Giving right-wingers free rein will backfire, analysts warn Umno

by Melissa Chi
The Malay Mail Online
January 14, 2014

KUALA LUMPUR, Jan 14 ― Umno’s continued silence as the voices of Malay right-wing groups grow louder by the day could end up being misconstrued as Putrajaya’s endorsement of extremism and racism, analysts have warned.

By staying passive to appease its supporters in Malay-Muslim Malaysia, Umno also risks having its own grip on power weakened in the event such groups later decide to enter the political arena as opponents, the analysts added.

Director of independent pollster Merdeka Center Ibrahim Suffian acknowledged the strategy, saying the easiest, tried and tested way to shore up support from a particular group, is to use emotive issues.

“Certainly by not curbing this, by not doing anything, (it) actually condones these kinds of statements.

“It also has a counter-reaction, not only espousing more extreme and conservative views by allowing more leeway for them to do whatever they want, but it might also increase the politicising among religious groups, the Christians for example, could be more politicised and resort to being extreme as well,” he told The Malay Mail Online when contacted.

“One of BN’s (Barisan Nasional) strength is the party’s ability to maintain political stability and peace; if overtime they let this behaviour unchecked, it will also undermine its strength”.

Institute for Democracy and Economic Affairs (IDEAS) chief executive officer Wan Saiful Wan Jan stressed the need for Umno’s top leaders, especially Prime Minister Datuk Seri Najib Razak and his deputy, Tan Sri Muhyiddin Yassin, to drown out the voices of right-leaning groups like Perkasa and Ikatan Muslimin Malaysia (Isma) before the brewing racial and religious tension spiral out of control.

“Umno is the one who has to say they distance themselves from these voices and then it will really isolate the far right voices from anybody else,” he said, warning that it would otherwise be lumped in with the group.

Isma has been at the forefront of attempts to discredit the Coalition of Malaysian NGOs in the Universal Periodic Review Process (Comango), which has come under fire from other Muslim activists who claim the group’s human rights recommendations to the United Nations ran counter to the “true” teachings of Islam and the sovereignty of the Federal Constitution.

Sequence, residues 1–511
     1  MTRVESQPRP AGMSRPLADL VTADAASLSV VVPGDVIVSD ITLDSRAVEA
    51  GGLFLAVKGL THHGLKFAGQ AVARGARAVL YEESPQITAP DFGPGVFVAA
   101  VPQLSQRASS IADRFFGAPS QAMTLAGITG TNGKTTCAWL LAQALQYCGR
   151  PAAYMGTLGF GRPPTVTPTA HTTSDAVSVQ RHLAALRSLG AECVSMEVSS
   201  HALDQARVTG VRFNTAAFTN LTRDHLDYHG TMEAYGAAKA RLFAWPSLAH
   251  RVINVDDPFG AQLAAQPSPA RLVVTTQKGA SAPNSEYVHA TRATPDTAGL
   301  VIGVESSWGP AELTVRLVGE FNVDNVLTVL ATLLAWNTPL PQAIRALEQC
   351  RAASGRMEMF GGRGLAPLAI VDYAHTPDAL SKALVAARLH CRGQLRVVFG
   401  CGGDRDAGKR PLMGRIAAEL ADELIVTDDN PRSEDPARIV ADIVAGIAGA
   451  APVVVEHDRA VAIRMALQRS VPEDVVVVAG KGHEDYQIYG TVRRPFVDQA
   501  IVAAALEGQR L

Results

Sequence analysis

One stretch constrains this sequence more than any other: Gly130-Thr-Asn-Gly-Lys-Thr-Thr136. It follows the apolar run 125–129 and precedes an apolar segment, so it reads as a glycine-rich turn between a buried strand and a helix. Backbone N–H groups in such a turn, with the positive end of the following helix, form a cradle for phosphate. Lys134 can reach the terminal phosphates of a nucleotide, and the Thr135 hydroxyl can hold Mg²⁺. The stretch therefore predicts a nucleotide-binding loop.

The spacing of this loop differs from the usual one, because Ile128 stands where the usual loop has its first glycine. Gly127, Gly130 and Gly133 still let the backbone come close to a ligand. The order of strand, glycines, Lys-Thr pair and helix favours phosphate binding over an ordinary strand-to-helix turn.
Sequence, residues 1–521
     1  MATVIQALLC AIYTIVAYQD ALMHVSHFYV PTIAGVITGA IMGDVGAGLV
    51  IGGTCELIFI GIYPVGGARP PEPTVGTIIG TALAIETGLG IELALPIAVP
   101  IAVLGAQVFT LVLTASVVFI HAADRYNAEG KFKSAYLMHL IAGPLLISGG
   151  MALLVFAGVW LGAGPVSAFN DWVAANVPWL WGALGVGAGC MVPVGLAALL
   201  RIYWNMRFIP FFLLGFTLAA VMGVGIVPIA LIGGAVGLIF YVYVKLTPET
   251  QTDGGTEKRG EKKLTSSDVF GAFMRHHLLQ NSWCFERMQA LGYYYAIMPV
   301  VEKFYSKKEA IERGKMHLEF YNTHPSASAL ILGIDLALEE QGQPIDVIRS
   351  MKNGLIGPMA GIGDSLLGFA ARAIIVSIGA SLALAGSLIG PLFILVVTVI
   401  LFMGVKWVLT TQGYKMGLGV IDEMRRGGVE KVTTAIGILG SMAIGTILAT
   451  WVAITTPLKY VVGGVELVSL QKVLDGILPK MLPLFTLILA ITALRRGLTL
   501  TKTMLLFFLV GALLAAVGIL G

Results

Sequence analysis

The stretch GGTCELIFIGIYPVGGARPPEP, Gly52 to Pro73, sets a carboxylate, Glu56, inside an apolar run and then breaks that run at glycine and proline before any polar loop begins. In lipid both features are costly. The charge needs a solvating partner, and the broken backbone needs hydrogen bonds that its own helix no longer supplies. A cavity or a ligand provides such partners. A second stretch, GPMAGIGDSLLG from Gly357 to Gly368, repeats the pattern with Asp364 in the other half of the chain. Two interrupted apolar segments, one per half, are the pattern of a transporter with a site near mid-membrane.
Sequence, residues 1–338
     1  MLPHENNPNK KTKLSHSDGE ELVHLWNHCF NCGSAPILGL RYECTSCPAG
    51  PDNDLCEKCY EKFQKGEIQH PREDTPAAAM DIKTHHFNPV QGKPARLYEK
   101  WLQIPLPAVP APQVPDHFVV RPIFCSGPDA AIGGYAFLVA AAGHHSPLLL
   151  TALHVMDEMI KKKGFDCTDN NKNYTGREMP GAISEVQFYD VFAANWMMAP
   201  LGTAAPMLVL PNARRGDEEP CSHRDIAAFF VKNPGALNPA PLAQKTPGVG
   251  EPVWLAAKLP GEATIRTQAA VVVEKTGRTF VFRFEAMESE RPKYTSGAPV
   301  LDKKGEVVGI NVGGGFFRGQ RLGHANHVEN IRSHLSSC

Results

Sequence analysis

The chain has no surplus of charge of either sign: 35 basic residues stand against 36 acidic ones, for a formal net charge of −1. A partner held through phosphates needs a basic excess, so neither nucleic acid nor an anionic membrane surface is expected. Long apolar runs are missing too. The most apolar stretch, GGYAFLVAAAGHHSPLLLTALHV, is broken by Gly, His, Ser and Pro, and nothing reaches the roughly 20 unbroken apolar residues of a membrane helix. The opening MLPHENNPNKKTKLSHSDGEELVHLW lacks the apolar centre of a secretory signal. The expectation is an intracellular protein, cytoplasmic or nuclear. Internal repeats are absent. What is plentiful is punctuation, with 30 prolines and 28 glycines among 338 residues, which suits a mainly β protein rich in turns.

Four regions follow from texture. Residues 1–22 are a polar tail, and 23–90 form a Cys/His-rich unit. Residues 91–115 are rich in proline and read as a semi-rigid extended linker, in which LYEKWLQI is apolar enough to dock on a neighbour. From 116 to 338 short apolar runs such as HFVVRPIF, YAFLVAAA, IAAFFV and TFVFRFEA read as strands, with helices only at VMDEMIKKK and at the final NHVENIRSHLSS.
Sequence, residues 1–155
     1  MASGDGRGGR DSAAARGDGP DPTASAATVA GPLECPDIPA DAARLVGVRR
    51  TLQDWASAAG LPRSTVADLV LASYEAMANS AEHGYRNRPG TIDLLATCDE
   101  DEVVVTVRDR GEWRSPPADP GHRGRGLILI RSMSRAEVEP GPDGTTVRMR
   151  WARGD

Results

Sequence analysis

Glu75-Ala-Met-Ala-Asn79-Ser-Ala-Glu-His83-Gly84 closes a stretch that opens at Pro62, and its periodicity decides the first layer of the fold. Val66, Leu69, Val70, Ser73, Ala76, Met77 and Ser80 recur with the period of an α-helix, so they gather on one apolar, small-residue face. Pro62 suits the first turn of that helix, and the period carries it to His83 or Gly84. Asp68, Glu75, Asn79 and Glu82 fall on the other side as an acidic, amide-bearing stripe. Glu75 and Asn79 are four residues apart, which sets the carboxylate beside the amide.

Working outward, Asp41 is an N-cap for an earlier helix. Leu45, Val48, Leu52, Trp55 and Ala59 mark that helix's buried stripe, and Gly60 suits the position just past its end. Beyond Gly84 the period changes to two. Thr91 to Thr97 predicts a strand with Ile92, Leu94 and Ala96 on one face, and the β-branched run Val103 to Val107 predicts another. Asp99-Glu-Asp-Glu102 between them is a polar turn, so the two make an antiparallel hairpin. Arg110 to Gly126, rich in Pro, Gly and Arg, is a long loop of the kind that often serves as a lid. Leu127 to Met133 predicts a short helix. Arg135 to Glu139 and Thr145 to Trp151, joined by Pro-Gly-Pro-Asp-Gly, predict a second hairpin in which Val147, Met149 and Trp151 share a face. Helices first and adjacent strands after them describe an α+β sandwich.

On Wednesday, the Home Ministry declared Comango as an “unlawful organisation” and accused it of promoting anti-Islamic values here.

Protests by the Youth wing of the Malay rights group Perkasa also forced Putrajaya Corporation to abandon plans for a Hard Rock Cafe in the administrative capital, after the group claimed it was inappropriate to serve alcohol and have “wild entertainment” in the city is said was modelled after the Muslim holy city Medina.

Centre for Policy Initiatives director Dr Lim Teck Ghee said it was difficult to understand Umno’s silence so far, saying it dented the moderate Muslim image Malaysia has cultivated.

“Externally, the country’s moderate image — besides that of the PM’s — has taken a beating which will impact on business, tourism and other spheres of activity,” he told The Malay Mail Online via e-mail.

Wan Saiful pointed out that most of those who are promoting the far right ideas are Umno supporters.

“I think the reason why they are continually behaving like this is because the weak leadership in Umno is unable to stand up against the far right voices.

“They are pushing the country towards a more right-wing agenda, even in the realm of public policy. If it is only rhetoric, it’s fine, but when it comes to public policy, it’s dangerous,” he said.

Agreeing, Lim said keeping silent on the growing voice of extremism is a betrayal to Malaysians who voted for the ruling coalition and their liberal, moderate agenda.

“Voters did not vote for a government that is wishy-washy and is intent on playing up to the Malay and Islamic gallery. The payback will surely come at the next elections,” he said.